In the past five years, California enacted the most restrictive truck emissions requirements in the world, including the state’s most expensive regulation in history – the multibillion-dollar Truck and Bus regulation.
Those trucking rules may pale in comparison to future California trucking regulations.
The California Air Resources Board recently published a 123-page document the agency is calling a draft discussion of its Climate Change scoping plan. The plan is tied to California Assembly Bill 32, the 2006 law that directed CARB to draft and implement regulations to cut emissions from multiple state sectors, including transportation. California AB32, signed by then-Gov. Arnold Schwarzenegger, has a goal of reducing emissions to 1990 levels by the year 2020, and 80 percent below those levels by the year 2050.
In the scoping document, available here, CARB acknowledges that most greenhouse gas emissions in the transportation sector come from passenger cars traveling in the Golden State. Other than land-use planning and looking at ways to limit individual vehicle miles traveled in the future, however, CARB requires little of passenger vehicle owners.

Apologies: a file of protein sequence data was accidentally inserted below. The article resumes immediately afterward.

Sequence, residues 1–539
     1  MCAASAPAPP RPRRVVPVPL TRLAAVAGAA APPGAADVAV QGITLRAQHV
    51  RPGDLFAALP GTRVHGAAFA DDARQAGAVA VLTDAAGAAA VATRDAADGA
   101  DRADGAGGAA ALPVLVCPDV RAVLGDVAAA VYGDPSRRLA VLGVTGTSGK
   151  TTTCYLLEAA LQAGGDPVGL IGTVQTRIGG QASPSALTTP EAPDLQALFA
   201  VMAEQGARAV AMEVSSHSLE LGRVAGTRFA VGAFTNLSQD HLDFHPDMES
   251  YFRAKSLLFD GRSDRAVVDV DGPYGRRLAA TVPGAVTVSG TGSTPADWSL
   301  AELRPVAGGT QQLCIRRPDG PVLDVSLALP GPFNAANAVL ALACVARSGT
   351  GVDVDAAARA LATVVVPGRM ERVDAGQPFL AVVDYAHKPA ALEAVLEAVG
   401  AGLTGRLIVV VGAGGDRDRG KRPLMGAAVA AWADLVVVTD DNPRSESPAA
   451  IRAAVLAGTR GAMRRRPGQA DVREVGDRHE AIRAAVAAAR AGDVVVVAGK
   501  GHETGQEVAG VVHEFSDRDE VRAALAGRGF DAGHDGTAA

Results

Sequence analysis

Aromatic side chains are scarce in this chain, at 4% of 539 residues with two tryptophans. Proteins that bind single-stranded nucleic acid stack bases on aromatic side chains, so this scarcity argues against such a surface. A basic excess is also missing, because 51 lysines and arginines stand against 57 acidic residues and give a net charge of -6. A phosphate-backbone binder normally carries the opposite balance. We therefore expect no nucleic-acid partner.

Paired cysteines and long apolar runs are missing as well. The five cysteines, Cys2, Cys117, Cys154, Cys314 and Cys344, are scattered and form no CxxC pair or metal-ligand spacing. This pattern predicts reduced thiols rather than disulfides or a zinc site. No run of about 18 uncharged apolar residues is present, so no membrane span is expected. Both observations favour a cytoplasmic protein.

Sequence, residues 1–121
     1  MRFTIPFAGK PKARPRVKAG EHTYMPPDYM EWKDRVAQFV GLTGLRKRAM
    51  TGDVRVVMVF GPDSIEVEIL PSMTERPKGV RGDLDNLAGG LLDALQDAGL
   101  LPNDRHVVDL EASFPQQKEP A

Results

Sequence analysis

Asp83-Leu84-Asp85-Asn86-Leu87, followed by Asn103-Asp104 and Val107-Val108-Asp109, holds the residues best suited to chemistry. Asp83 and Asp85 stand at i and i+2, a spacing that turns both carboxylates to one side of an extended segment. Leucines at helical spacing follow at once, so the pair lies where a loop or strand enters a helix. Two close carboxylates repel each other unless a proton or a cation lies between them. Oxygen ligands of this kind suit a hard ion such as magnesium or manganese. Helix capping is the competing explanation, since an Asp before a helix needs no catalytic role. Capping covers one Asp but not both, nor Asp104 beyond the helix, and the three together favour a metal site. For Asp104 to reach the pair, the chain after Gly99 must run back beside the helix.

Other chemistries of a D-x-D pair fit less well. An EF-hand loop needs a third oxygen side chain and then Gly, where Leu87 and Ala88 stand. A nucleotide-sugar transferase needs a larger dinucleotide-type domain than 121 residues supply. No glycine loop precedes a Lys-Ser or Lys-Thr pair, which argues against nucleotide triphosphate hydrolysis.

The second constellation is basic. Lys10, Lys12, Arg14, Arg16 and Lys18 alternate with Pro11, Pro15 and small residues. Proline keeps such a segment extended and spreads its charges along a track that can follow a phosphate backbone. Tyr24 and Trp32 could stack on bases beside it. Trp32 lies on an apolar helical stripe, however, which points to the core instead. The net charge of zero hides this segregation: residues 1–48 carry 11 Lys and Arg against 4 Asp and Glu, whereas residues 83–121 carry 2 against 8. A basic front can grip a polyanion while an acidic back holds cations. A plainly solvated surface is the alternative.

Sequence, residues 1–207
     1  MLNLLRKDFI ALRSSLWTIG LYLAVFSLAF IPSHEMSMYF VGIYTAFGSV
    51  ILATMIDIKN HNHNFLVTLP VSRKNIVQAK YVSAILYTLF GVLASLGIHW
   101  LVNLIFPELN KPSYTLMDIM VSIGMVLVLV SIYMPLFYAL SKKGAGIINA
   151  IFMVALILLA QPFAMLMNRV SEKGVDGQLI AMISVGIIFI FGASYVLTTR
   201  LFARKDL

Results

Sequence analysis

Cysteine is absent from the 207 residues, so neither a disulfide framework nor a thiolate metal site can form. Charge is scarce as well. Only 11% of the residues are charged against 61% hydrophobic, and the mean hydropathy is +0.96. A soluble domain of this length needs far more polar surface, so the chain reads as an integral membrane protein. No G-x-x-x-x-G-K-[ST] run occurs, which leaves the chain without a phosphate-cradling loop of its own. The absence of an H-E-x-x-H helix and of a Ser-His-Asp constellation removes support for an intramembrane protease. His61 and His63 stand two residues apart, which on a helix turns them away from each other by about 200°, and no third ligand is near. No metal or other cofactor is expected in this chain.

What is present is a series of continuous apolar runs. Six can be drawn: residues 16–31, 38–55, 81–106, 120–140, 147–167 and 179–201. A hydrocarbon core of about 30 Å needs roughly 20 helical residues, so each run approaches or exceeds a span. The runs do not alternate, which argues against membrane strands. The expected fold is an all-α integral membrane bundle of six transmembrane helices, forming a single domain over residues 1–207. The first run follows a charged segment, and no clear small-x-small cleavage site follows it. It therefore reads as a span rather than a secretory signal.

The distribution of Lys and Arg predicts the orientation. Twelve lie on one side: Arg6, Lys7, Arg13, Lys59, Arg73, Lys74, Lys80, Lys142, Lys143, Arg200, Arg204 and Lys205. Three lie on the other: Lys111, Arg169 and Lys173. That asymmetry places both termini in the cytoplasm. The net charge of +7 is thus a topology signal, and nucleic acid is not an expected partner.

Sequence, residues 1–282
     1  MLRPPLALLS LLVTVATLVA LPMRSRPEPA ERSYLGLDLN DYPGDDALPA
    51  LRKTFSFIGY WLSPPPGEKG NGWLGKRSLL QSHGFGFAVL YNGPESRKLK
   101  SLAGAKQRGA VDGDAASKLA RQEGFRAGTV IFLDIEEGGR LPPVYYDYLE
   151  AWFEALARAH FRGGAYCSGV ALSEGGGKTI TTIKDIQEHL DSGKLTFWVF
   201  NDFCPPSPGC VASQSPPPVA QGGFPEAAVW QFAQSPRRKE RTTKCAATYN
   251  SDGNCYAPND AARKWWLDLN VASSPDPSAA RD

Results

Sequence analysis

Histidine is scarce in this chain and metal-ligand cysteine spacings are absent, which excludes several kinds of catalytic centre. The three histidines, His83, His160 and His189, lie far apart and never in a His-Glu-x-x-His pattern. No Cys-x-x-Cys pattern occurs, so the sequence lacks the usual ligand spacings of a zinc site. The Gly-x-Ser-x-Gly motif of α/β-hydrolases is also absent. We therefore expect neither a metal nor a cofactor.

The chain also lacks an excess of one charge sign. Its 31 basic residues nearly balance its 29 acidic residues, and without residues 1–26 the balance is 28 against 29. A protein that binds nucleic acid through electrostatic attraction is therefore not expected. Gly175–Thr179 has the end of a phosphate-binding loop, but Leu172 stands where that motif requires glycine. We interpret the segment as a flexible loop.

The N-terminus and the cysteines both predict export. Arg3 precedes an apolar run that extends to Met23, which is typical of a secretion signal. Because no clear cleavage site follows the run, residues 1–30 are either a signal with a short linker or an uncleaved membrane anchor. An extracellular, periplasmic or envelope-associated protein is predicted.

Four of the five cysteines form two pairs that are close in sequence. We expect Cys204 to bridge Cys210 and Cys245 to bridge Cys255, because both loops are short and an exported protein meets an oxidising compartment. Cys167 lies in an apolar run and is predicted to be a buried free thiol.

Heavy-duty truck owners, on the other hand, will see new requirements.
“To date, ARB’s focus in the transportation sector has been on reducing emissions through the efficient movement of people,” the document reads. “Although ARB has adopted some strategies to address the heavy-duty fleet, more needs to be done.”
The document offered few details of what future truck rules may be pursued.
Not only are more trucking rules coming, CARB says, but California wants to fundamentally change the way freight is moved by arranging for transportation modes. Under what CARB is calling its 2014 Sustainable Freight Strategy, CARB looks to take a “comprehensive approach to addressing emission reductions from freight transport in California, including emissions from trucks, ships, port activities and locomotives,” the document reads.
“The strategy will identify a clear vision for a longer-term sustainable freight initiative, and a broad-based coalition to develop, fund and implement a sustainable freight system.”
CARB will consider requiring or encouraging the use of zero-emission trucks to move intermodal containers from ports to railyards by 2020, and could implement such a program by a combination of agency regulations, lease conditions, port tariffs, incentive contracts or other means, the document states.
California will need to spend money for “advanced technology freight demonstration projects and pilot deployments of vehicles and equipment,” the document states.
“We must continue what we have begun,” the document concludes. “Climate change is here, now.”
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